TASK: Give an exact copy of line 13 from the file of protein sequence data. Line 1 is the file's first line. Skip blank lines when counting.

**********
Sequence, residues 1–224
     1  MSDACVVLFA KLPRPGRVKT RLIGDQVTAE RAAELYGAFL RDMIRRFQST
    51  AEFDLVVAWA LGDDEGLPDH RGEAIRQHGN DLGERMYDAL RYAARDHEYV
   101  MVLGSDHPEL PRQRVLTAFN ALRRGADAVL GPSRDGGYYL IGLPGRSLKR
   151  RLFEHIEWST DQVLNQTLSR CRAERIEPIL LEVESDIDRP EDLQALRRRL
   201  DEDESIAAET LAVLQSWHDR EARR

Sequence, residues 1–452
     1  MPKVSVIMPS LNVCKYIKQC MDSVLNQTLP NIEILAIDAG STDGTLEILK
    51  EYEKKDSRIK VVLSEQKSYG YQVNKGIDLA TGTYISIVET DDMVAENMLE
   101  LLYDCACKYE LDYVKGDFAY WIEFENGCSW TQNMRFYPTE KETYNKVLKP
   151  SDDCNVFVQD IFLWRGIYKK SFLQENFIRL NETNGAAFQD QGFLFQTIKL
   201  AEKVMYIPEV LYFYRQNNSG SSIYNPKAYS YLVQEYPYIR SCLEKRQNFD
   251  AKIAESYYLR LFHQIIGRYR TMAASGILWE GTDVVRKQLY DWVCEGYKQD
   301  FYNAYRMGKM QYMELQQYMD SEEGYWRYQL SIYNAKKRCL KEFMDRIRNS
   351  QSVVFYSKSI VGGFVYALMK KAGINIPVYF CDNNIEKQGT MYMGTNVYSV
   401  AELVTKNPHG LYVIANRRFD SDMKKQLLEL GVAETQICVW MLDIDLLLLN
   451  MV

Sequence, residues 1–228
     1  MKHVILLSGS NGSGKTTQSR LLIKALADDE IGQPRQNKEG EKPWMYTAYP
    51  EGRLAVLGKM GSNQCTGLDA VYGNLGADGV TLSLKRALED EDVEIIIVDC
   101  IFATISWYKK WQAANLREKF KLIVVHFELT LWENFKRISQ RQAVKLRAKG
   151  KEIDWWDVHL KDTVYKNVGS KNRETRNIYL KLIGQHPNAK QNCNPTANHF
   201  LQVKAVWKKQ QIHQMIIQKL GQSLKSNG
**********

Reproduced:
   251  AKIAESYYLR LFHQIIGRYR TMAASGILWE GTDVVRKQLY DWVCEGYKQD